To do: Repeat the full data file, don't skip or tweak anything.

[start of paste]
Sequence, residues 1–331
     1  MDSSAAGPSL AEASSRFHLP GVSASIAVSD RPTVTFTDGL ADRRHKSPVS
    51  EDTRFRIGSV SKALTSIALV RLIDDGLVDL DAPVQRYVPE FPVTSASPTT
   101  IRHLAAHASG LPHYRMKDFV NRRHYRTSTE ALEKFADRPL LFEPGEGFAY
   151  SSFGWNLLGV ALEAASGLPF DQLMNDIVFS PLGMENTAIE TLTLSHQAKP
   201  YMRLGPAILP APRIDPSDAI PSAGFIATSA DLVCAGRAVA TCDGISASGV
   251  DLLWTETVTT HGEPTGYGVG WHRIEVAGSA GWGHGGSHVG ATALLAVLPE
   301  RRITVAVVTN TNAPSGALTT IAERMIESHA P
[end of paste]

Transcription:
Sequence, residues 1–331
     1  MDSSAAGPSL AEASSRFHLP GVSASIAVSD RPTVTFTDGL ADRRHKSPVS
    51  EDTRFRIGSV SKALTSIALV RLIDDGLVDL DAPVQRYVPE FPVTSASPTT
   101  IRHLAAHASG LPHYRMKDFV NRRHYRTSTE ALEKFADRPL LFEPGEGFAY
   151  SSFGWNLLGV ALEAASGLPF DQLMNDIVFS PLGMENTAIE TLTLSHQAKP
   201  YMRLGPAILP APRIDPSDAI PSAGFIATSA DLVCAGRAVA TCDGISASGV
   251  DLLWTETVTT HGEPTGYGVG WHRIEVAGSA GWGHGGSHVG ATALLAVLPE
   301  RRITVAVVTN TNAPSGALTT IAERMIESHA P